Jimmy Johnson...out of Holly Springs, Miss., by way of Memphis...mainly just a rumor to blues fans till he joined Jimmy Dawkins' band in 1974...certainly just a vague name to me when I first heard him one night at Big Duke's on west side in a band with Sunnyland Slim...I made a note of his soaring, high voice...then, suddenly, hired by Dawkins, who said he needed musicians he could depend on on the road...that first gig together...a party at some loft...after on hot guitar solo I remarked to Wes Race that I wasn't sure the band needed two standout guitar players...he siad not to worry...he was right...between sets, I introduced myself...asked if he had any records out...he said "yeah, but you haven't heard any of 'em"...I got amd and went to a record show on the south side that had a basement with a dirt floor, full of old 45's...literally moldy, some of them...what should turn up but "Work Your Thing" on the Stuff Label, by "Jimmie Johnson & The Lucky Hearts..." One night at Ma Bea's I asked Doris, the record spinner, to slip it in during the set break..."Yeah, that's me, all right--throw it away!"...Travels with Dawkins across country...the epic summer tour of Japan with Otis Rush...the live album...further adventures on Dawkins' Blisterstring...then, in a way, back to school...leaving Dawkins for a sting with The Aces at Louises...a lamentably short-lived band with Louis Myers...in 1976, at last, out on his own, the house band on Blue Mondays at Buddy Guy's Checkerboard Lounge...overnight, it seemed, he was playing all over town...hello central, Europe calling...an album for the French MCM label...back on the home front...the lead-off artist on Living Chicago Blues...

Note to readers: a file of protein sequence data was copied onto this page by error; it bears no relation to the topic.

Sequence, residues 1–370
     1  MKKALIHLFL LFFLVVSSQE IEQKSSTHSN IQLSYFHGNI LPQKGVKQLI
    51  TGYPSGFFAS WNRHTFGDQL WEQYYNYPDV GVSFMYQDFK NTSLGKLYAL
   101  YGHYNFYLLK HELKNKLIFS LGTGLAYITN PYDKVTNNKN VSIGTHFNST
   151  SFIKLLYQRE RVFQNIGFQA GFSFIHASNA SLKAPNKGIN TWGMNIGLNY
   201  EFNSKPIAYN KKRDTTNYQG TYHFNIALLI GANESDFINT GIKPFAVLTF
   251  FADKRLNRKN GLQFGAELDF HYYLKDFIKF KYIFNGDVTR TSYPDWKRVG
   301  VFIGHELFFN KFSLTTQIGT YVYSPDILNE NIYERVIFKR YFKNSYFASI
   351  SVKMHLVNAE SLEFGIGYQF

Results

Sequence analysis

"Simply devastating," says Robert Palmer in Rolling Stone
"The hight point of the series...a revelation," writes Peter Guralnick in the Boston Phoenix
"My pick for the series' most valuable player," opines Steve Hoffman in the Unicorn Times
and according to Living Blues co-editor Jim O'Neal, "He's one of the modern Chicago blues idiom's most impressive singers and guitarists, a progressive stylist who combines technical expertise with soaring, gospel-influenced vocals."
what did Downbeat call them..."Steamrolling"
--Steve Tomashefsky, 1979
1. The Twelve Bar Blues
2. Ashes In My Ashtray
3. I Stand Alone
4. Slamming Doors
5. Take Five
6. Strange How I Miss You (When I Haven't Even Lost You Yet)
7. Poor Boy's Dream
8. I Need Some Easy Money
9. Drivin' Nails In My Coffin
10. Jockey Sports
When Jimmy Johnson's first album, Johnson's Whacks hit the streets at the end of the seventies, he was heralded as being part of a new blues generation that could actually write fully-realized, mature SONGS (as opposed to borrowing or stealing jukebox standards). Delmark even printed a lyric sheet for that LP, a first in blues cover art!
Delmark recently reissued North / South, a 1982 gem, for the CD age, and it's amazing how little this has dated. The bass-driven funk rhythms are definitely products of their time--any current bar band would have thumb popped these songs to excess, but Larry Exum's bass work still sounds tasteful this close to the new millennium...And each time you think you know where one of these songs is going, Johnson throws in a chordal progression that sounds appropriate.
--James Porter, New City